Uyghur Father Shocked to Find His Son in Chinese Propaganda Video

Pigeons in front of a mosque in Istanbul.

A Xinjiang-born Chinese national who lives in Turkey got the shock of his life when he spotted his son in a Chinese Communist Party propaganda video. (Image: Colourfulgreen via Pixabay)

Abdurahman Tohti is a Xinjiang-born Uyghur Chinese national who lives in Turkey. He has been cut off from his family for several years. In January this year, Tohti got the shock of his life when he spotted his son in a Chinese Communist Party (CCP) propaganda video.

Brainwashing Uyghur children

Tohti was a cotton farmer during his life in Xinjiang. In 2013, he immigrated to Turkey together with his family and got a job selling cars. A few years ago, his wife and two children went back to China for a visit. Tohti never heard from them again. He later found out that his wife had been detained and sent to prison, a fate that his parents also shared. Tohti never knew what happened to his kids.

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In January, Tohti was browsing Chinese social media when he spotted his son in a video that seems to have been recorded by a teacher. His son was speaking Chinese, a language that no one in his family spoke. Though he was excited to see his son, Tohti was soon gripped with fear since it seemed as if the child was being brainwashed in a state-run school. “What I fear the most… is that the Chinese government is teaching him to hate his parents and Uighur culture,” he said to The New York Times.

Uyghur children are being brainwashed in state-run schools.
It seemed as if the child was being brainwashed in a state-run school. (Image: Screenshot via YouTube)

Uyghur children being separated from parents and brainwashed

Tohti’s story is not a unique one. There are thousands of children who have been forcefully separated from their parents. Documents released last year showed that almost 400 kids had lost their parents to internment camps in just a single township. While the parents are brainwashed at the camps to give up their cultural identity, a parallel program carries out the same plan on the Uyghur children through the school system. In 2017, the number of children enrolled in kindergarten rose by more than half a million, with almost 90 percent of the kids being from the Uyghur community.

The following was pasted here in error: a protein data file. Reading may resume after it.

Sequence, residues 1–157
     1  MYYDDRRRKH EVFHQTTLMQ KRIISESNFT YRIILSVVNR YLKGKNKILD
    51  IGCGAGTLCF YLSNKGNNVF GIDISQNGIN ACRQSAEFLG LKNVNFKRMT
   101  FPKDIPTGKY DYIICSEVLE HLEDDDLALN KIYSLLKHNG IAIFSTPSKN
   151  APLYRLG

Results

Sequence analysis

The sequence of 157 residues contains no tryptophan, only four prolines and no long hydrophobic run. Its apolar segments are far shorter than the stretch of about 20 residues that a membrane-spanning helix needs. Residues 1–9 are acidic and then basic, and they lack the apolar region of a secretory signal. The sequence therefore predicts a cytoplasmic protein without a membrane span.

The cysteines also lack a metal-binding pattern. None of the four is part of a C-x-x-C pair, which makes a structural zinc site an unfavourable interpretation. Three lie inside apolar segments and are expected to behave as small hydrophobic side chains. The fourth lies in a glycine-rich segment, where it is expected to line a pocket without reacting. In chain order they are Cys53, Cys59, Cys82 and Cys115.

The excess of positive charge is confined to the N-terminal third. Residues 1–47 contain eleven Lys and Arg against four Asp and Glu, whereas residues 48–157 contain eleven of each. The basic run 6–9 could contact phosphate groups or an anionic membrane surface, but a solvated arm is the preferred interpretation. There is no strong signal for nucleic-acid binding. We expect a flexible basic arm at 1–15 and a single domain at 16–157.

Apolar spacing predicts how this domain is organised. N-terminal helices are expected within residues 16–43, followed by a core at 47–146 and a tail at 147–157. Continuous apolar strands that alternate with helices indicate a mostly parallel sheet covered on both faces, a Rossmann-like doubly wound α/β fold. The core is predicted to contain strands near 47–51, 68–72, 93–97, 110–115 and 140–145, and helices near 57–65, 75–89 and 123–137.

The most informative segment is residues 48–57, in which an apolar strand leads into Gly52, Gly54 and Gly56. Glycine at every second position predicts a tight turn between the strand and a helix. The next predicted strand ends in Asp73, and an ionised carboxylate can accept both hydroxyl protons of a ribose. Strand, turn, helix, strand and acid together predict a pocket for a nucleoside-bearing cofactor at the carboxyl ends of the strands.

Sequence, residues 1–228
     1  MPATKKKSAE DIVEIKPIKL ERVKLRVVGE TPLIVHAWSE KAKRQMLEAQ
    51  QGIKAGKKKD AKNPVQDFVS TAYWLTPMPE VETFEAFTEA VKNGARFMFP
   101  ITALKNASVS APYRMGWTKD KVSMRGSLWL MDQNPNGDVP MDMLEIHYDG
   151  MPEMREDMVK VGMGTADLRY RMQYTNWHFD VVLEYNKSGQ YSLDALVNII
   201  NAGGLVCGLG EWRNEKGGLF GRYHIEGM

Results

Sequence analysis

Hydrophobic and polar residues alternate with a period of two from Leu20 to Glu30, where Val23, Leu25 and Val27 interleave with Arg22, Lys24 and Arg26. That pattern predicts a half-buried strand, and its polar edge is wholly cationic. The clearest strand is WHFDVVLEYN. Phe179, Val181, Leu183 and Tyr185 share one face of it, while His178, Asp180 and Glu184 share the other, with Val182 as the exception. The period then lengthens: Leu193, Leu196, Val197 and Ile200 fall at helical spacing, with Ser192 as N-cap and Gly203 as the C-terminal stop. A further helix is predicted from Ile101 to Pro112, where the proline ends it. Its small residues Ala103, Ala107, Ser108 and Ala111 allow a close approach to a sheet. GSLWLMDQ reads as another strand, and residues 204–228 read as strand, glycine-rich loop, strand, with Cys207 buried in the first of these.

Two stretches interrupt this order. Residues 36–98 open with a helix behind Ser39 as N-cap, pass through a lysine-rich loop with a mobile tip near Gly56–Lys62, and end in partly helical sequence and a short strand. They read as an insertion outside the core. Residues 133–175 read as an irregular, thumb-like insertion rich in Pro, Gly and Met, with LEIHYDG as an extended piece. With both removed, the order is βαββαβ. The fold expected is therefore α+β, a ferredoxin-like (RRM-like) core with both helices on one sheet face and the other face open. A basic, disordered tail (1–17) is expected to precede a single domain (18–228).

Boarding schools have been set up in many areas of Xinjiang. According to the government, these schools help in maintaining stability and peace. However, China expert Adrian Zenz points out that there is a sinister agenda behind these schools — the cultural re-engineering of Uyghur children. Since these kids are cut off from their families and are entirely under the control of the state in boarding schools, they can be influenced in any way the communist regime wants. Relatives are only allowed to visit the children once every one or two weeks. This is done so as to “break the impact of the religious atmosphere on children at home,” according to a state policy document from 2017.

New detention centers

A recent report by the Australian Strategic Policy Institute revealed that there might be 380 “re-education” camps in Xinjiang, a whopping 40 percent more than earlier estimated. This would also mean that even more Uyghurs have been detained by the Chinese Communist Party. The new detention centers were identified through satellite imagery. About 50 percent of these new facilities have very high security, indicating that they are prison-style centers.

A satellite image showing the possible location of a detention camp.
According to a report by the Australian Strategic Policy Institute, the number of ‘re-education’ camps in Xinjiang appears to be 40 percent higher than previous estimates. (Image: Screenshot via YouTube)

Some facilities showed signs of security being rolled back, such as the removal of perimeter walls, internal fencing, and so on. However, most of these camps were low-security facilities. Courts in Xinjiang sentenced around 230,000 people to jail or some other form of punishment during 2017-2018, a far higher number than any other time in the past. In 2019, more than 95,000 people from the region faced criminal trials.

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